Vanessa is right. Affectionately (Swaps---Searching) and Tim Tam (Tom Fool---Two Lea) are the two Hall of Fame members whose sires and dams are also members of the Hall of Fame.
There are two horses in the Library who (1) are members of the National Museum of Racing's Hall of Fame, (2) are sired by members of the Hall of Fame and (3) are out of members of the Hall of Fame. Name them.
Chris is correct---it's the great Sarazen. John Madden's comment regarding his origins was a little exaggerated, but his sire, High Time, was plagued with both respiratory bleeding and unsound forelegs and was notorious for stopping in his races after showing early speed, while his dam Rush Box was supposedly put to farm work. A two-time American Horse of the Year, Sarazen showed high-class form for five straight years before becoming a sulker who refused to race.
According to one well-known trainer, this American champion was sired by a "quarter horse" and foaled from a "plow mare." The horse outran his unfashionable pedigree to beat the best of his contemporaries at up to 10 furlongs and also accomplished the rare feat of defeating his elders in a stakes event as a juvenile. Name him.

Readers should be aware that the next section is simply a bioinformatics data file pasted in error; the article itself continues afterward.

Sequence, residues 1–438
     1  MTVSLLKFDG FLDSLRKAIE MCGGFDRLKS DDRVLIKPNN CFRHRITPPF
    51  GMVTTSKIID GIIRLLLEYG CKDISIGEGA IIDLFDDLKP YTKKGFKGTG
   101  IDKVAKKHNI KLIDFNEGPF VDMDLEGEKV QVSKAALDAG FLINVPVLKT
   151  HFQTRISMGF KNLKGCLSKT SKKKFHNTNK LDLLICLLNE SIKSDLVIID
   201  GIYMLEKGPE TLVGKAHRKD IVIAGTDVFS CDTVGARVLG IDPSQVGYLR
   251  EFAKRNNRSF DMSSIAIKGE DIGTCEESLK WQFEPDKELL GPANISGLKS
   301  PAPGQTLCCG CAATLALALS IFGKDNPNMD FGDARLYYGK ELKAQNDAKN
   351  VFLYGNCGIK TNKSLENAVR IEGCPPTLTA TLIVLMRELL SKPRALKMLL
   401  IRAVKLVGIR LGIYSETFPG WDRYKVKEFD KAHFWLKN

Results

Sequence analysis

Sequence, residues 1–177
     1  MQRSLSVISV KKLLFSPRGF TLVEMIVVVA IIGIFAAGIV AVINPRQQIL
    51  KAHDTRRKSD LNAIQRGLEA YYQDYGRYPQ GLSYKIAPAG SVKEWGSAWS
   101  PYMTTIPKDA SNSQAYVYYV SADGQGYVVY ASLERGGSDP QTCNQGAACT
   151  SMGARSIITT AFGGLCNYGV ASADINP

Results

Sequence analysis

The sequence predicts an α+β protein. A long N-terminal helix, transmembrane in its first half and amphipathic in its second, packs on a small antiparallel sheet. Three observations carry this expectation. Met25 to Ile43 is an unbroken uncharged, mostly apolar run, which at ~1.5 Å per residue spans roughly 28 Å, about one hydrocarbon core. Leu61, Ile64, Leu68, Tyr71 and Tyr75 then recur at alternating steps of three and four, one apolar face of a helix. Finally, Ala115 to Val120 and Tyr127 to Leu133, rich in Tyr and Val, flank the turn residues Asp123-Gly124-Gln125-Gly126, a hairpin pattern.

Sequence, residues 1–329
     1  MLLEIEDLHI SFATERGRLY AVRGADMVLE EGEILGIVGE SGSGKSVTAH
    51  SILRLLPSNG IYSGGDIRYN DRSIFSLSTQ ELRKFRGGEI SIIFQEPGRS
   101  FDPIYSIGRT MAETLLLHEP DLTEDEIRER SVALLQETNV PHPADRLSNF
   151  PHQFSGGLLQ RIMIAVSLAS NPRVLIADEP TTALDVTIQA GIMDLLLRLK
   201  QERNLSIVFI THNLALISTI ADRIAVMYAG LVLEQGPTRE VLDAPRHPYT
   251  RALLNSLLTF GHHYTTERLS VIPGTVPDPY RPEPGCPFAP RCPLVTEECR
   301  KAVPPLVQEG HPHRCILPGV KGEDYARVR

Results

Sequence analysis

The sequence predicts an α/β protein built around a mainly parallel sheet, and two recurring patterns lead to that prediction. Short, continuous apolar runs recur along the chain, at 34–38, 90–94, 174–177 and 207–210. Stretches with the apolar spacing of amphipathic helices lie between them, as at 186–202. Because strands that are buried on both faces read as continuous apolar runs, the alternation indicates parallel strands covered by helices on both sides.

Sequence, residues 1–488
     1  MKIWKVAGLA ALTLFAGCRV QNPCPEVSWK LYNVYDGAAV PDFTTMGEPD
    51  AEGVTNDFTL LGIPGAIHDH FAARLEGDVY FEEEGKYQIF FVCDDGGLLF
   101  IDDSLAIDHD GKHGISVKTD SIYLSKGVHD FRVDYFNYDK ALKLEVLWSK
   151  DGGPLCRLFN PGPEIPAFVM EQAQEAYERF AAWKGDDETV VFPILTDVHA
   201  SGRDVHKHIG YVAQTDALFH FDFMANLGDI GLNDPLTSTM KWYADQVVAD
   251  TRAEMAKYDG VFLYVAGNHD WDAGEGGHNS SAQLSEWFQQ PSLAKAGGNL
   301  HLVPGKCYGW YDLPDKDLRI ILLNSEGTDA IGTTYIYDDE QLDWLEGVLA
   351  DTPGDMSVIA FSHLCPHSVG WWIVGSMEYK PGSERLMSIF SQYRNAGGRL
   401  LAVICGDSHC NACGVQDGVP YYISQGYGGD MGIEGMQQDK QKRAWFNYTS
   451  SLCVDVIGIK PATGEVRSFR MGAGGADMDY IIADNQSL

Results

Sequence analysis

Co-Horse of the Year in the United States in 1970, Fort Marcy was the first horse to reach American racing's highest honor based primarily on turf form. A three-time American champion turf runner, Fort Marcy was named for a Union fort in Virginia.
Monique Rene may or may not have been the kind of mare Leon Rasmussen had in mind when he put out his namesake hypothesis of inbreeding to "superior females." A Louisiana-bred by stakes-placed Prince of Ascot out of the undistinguished winner Party Date, by the equally undistinguished Speedy Frank, she certainly couldn't boast a fashionable pedigree. And while she outran that pedigree in remarkable fashion to become the queen of Louisiana racing in the early 1980s, she was still no glamour girl by national standards. She retired without ever having won or placed a graded stakes, and she earned black type outside the Pelican State only once.